Published Tuesday, 19 March 2013
A High Court judge said he would consider the proposals surrounding the inquest. (© UTV)
Mr Justice Treacy was urged to overturn a decision taken by Northern Ireland's senior coroner, John Leckey, not to investigate the death of a baby at Altnagelvin Hospital more than 10 years ago.
Axel Desmond was one of more than 112 stillbirths recorded in NI in 2001. His mother Siobhan went into labour two weeks after her due date in October of that year.
She was taken to the Londonderry hospital after developing complications at her home. Ms Desmond underwent an emergency caesarean section and Altnagelvin staff tried unsuccessfully to resuscitate baby Axel.
Last year, Attorney General John Larkin QC directed Mr Leckey to hold an inquest, but the coroner said he did not have the legal authority to oversee a tribunal into the stillbirth.
Inquests into stillbirths are not held anywhere in Britain or Ireland, and the case of Axel Desmond centres on the interpretation of whether a death occurred.
Appearing for the Attorney General, David Scoffield QC said a ruling on the case could set a precedent.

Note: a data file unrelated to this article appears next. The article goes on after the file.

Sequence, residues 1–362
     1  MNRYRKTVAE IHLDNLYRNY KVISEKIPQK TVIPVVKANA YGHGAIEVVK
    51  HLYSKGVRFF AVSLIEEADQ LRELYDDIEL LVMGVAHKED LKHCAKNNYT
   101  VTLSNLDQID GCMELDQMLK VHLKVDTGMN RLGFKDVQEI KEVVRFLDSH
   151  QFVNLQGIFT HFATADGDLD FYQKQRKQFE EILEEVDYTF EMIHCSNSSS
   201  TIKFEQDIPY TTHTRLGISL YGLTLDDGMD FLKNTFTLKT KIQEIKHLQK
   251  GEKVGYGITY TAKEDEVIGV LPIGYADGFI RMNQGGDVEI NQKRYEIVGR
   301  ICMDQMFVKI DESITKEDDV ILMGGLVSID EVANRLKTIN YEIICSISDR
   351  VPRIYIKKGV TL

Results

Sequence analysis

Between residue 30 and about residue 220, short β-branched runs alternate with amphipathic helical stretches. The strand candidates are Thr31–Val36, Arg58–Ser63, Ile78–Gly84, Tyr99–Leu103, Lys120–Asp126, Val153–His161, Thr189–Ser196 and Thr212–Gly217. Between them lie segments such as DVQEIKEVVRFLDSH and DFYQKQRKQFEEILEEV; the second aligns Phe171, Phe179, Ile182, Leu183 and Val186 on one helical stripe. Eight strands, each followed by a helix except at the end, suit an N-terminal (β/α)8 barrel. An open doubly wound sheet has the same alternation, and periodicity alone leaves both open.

He told Mr Justice Treacy: "This is an issue which does fall to Your Lordship it seems for the first time to determine."
Mr Scoffield said there was evidence of life before birth and argued an inquest should be held for a stillborn child who was capable of being born alive.
He explained that the Coroners Act (Northern Ireland) 1959 does not prohibit inquests being held.
"There was a foetal heartbeat in the womb," Mr Scoffield told the court.
"We say in the absence of any express statutory conclusion what the Coroner ought to have done in this case is proceed to hold the inquest.
"It's absurd that there can be an inquest into the death of a child who dies one minute after delivery but not one minute before delivery.
"The court should strive to avoid should an anomalous result," added Mr Scoffield.
Fiona Doherty said her client, Ms Desmond, was no different to a mother whose child dies after birth.
"She has been bereaved, her grief is the same, her need for answers is the same, her need for closure is the same," Ms Doherty explained.
Counsel for Mr Leckey said although he recongised the bereavement Ms Desmond has gone through, he contended that legislation only covers death after a live birth.
"The deceased did not have independent life," said Nicholas Hanna QC.
"That's the crucial point. Therefore there is no jurisdiction to hold an inquest.
"If the law is to be changed it should be dealt with by the legislature and not by the courts."
Mr Justice Treacy said he would consider his decision, and he described the case as "very important [...] and it raises extremely interesting issues".
Outside the court Ms Desmond told how she hoped others could benefit from the legal challenge.
She said: "I spoke to other parents in similar circumstances and the common thread is that there is no straight forward way to get clear answers so they can be sure in their own mind that lessons could be learned and the same thing won't happen again."